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Every Child Deserves a Chance to Enter Adulthood With Ambition, Hope and an Opportunity to Flourish

Children adapt to early chaotic, unpredictable or violent home or community settings in ways that help them survive and cope. However, the biological and psychological changes associated with these adaptations come at a high price.

Looking back on my own childhood growing up in Belfast in the 1970's and 80's during what became known as the 'Troubles' adversity was the norm - community violence, poverty and institutional sexual abuse were common. There were children in my school with behavioural problems, those who were anxious or bullied, and others who were socially isolated. At that time, these difficulties weren't seen as mental health problems. Rather, the child was the problem: they were breaking rules, they weren't learning, they were disrupting others.

Thankfully we have made much progress since then. As a clinician and developmental neuroscience researcher at UCL and the Anna Freud Centre I have been privileged to be at the cutting edge of much new research and practice innovation. We have made a great deal of progress in the last thirty years. Many of the problems that children experience are now recognizable in our collective vocabulary: autism, attention-deficit hyper-activity disorder (or ADHD) and conduct disorder to name but a few. We have community mental health teams. There have been major advances in brain imaging research. Surely our children are now much better off? If I am honest...I am not so sure. I do worry about how much practical progress we have really made in promoting the mental health of our children.

I became interested in this area of research because I wanted to know more about why - and how - mental health problems emerge in the first place. Ten years ago I set up the Developmental Risk and Resilience Unit with Essi Viding at UCL and we decided that these questions would form the basis of my new research programme.

So what have we learnt? Last year Essi and I proposed a new theory, which argues that early adversity embeds latent vulnerability for future mental health problems. Children adapt to early chaotic, unpredictable or violent home or community settings in ways that help them survive and cope. However, the biological and psychological changes associated with these adaptations come at a high price: they can carry a lifelong increased risk of mental health problems. Children adapt to 'fit' atypical and disturbed environments in ways that are not helpful when they go out into the world to make friends, learn and develop as adults.

The most striking thing about our neuroscience findings has been that even 'healthy' children exposed to adversity, with no diagnosed mental health problems, show significant changes in brain structure and function. Half of all adult mental health problems begin by age 14. Do we really think these disorders emerge out of the blue? Our neuroscience findings strongly suggest not - rather, they suggest that there are likely to be signs of vulnerability and opportunities for prevention that we are simply missing.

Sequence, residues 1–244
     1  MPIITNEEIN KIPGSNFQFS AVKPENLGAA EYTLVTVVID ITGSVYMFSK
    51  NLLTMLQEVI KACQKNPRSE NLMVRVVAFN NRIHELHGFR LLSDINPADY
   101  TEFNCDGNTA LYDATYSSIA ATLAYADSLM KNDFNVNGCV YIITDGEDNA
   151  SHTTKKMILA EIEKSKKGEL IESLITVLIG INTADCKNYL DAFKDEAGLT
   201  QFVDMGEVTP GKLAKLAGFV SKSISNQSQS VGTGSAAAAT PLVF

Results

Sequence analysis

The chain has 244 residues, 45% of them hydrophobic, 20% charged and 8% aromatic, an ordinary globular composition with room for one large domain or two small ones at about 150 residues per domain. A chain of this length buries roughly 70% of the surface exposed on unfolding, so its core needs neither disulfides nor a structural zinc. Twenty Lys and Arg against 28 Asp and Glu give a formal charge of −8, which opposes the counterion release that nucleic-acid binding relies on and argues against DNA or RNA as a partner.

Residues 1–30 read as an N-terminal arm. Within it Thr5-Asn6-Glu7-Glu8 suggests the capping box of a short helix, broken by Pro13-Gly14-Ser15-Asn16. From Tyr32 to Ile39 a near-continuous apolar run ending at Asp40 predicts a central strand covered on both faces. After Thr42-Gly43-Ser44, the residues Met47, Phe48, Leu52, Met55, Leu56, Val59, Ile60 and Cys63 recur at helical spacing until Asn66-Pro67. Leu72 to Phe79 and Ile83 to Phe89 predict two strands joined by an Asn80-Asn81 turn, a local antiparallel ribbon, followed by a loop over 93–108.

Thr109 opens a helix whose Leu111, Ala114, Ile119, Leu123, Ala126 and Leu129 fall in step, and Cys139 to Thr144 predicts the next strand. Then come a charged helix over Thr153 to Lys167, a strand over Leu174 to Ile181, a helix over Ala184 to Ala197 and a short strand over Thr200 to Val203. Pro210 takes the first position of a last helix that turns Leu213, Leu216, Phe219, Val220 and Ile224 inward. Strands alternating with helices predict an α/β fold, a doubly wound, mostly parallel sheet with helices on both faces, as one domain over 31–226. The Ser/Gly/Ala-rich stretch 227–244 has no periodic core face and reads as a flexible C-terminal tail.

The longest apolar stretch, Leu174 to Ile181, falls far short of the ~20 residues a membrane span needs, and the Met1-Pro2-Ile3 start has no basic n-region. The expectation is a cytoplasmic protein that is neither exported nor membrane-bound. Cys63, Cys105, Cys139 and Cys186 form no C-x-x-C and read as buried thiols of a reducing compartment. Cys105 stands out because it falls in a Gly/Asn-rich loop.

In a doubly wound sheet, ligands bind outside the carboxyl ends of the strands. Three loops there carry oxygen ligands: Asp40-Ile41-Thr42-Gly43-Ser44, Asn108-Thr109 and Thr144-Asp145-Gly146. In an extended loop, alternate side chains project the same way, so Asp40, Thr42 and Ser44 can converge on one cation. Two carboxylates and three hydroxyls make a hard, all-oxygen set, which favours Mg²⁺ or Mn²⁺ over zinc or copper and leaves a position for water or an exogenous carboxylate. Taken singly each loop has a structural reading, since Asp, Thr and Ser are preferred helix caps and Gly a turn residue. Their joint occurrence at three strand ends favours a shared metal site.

This brings me back to the issue of mental health in primary school-age children. And by mental health I don't mean the rather medicalized construct of psychiatric disorder. Rather, mental health in the sense of children being lively, curious, and playful, of feeling valued and loved. That is what mental health really means.

When children are anxious, acting out, impulsive, or struggling to concentrate we must see this as a communication of need. These children need our help. They need adults, at home, in their school and in their community to be interested, to listen, to provide predictability and safety and care. If they have experienced adversity - family breakdown, the death of a parent, domestic violence - their ability to emerge resilient following these experiences depends on the presence of trusted adults who can scaffold their ability to regulate stress and make sense of their experiences.

Without a trusted source of help, a child can be overwhelmed and maladaptive coping strategies can become established. It is so important to try to see that the problem is not 'the child'. The problem - and the solution - is with the adults. Parents, families, teachers and schools need support, advice and occasionally specialist help - so that they can ensure that the children in their care are listened to, understood and loved in the way they deserve.

I think back to my own childhood growing up in Belfast. I had a stable home with loving parents and several teachers who went well beyond their role to take an interest and support me. Without them I doubt the view from my desk would be the sunny London skyline I see now: I would not have emerged unscathed, nor achieved my potential. Surely all children deserve a chance to enter adulthood with ambition, hope and a genuine opportunity to flourish. To achieve that we need to ensure that we prioritize - and fund - the mental health and well-being of our youngest citizens. Society will be richer, in every sense, if we do.

Young Minds Matter is a new series designed to lead the conversation with children about mental and emotional health, so youngsters feel loved, valued and understood. Launched with Her Royal Highness, The Duchess of Cambridge, as guest editor, we will discuss problems, causes and most importantly solutions to the stigma surrounding the UK's mental health crisis among children. To blog on the site as part of Young Minds Matter email

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